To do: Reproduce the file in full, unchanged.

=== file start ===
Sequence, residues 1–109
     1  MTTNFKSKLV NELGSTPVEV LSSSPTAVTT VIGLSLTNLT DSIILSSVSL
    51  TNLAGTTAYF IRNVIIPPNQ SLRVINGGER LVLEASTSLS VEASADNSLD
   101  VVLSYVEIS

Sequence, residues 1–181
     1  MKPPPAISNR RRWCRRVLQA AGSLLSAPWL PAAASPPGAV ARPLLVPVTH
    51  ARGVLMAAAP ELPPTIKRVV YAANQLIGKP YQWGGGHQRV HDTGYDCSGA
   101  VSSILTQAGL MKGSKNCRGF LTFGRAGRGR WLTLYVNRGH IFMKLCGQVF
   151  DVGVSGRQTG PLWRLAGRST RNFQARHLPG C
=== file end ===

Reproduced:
Sequence, residues 1–109
     1  MTTNFKSKLV NELGSTPVEV LSSSPTAVTT VIGLSLTNLT DSIILSSVSL
    51  TNLAGTTAYF IRNVIIPPNQ SLRVINGGER LVLEASTSLS VEASADNSLD
   101  VVLSYVEIS

Sequence, residues 1–181
     1  MKPPPAISNR RRWCRRVLQA AGSLLSAPWL PAAASPPGAV ARPLLVPVTH
    51  ARGVLMAAAP ELPPTIKRVV YAANQLIGKP YQWGGGHQRV HDTGYDCSGA
   101  VSSILTQAGL MKGSKNCRGF LTFGRAGRGR WLTLYVNRGH IFMKLCGQVF
   151  DVGVSGRQTG PLWRLAGRST RNFQARHLPG C